Succession to the Crown Bill — Third Reading

Part of the debate – in the House of Lords at 3:45 pm on 22nd April 2013.

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Photo of Lord Wallace of Tankerness Lord Wallace of Tankerness Lords Spokesperson (Attorney General's Office), The Advocate-General for Scotland, Lords Spokesperson (Scotland Office) 3:45 pm, 22nd April 2013

My Lords, I certainly understand that my noble friend Lord James of Blackheath has had serious, profound concerns about this Bill which he expressed even before Second Reading. I recognise the persistence and diligence with which he has continued to raise these issues. I am grateful for his kind comments and I think he would recognise that the comments and concerns he has raised have been given proper consideration.

It appears to me that my noble friend is concerned that, in allowing an heir to the Throne to marry a Catholic, this Bill would contravene the promises that each sovereign is required to make to maintain the established Protestant religion and in some way subvert the Bill of Rights or the Act of Settlement. It will come as no surprise to my noble friend that I disagree with his view, as I have made clear on a number of occasions in your Lordships' House. Again, I want to make it quite clear that we are not amending the provisions of the Bill of Rights or the Act of Settlement which say that the sovereign has to be a Protestant.

My noble friend Lord Eden of Winton put his finger on the point. Indeed, I wrote at some length in my letter to my noble friend Lord James about the sovereignty of Parliament in the case of Jackson v Attorney-General in which the House of Lords considered the Parliament Act 1911. The late Lord Bingham said:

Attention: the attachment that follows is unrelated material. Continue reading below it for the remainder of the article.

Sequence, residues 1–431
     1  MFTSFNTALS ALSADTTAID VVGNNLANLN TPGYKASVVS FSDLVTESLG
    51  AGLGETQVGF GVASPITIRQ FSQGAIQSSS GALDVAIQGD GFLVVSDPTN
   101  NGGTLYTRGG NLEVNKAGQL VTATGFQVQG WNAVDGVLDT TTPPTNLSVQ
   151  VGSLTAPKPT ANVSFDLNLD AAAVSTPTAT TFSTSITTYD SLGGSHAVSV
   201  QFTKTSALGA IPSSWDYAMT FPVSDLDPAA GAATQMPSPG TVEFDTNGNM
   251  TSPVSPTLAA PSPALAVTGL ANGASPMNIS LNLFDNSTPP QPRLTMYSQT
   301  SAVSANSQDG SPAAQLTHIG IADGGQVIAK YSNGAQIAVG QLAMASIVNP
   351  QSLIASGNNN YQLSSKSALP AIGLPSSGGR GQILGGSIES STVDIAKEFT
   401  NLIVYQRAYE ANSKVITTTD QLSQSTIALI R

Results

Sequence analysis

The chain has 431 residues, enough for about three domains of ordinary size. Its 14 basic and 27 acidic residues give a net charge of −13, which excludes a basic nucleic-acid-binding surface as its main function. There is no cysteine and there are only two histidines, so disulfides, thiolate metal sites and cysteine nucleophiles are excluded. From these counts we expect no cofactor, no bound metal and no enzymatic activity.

"The bedrock of the British constitution is, and in 1911 was, the supremacy of the Crown in Parliament ... Then, as now, the Crown in Parliament was unconstrained by any entrenched or codified constitution. It could make or unmake any law it wished".

With a former Lord Advocate, the noble and learned Lord, Lord Hardie, present, I had better say that there has been some question about that in some respects in Scotland following the dicta of Lord President Cooper in MacCormick v Lord Advocate. Nevertheless, Lord Bingham expressed that view very clearly in the Jackson case.

Given that the prohibition on the sovereign being a Catholic remains, we do not believe that there is any conflict between the Bill and the Accession Declaration or the promise made by the sovereign to preserve the Presbyterian Church in Scotland. I do not think I can really elaborate on it. My noble friend and I are going to have to agree to disagree because we believe that there is nothing in this Bill which subverts the Bill of Rights, the Act of Settlement or the oath which Her Majesty made on her accession. In the circumstances, I invite my noble friend to withdraw his amendment.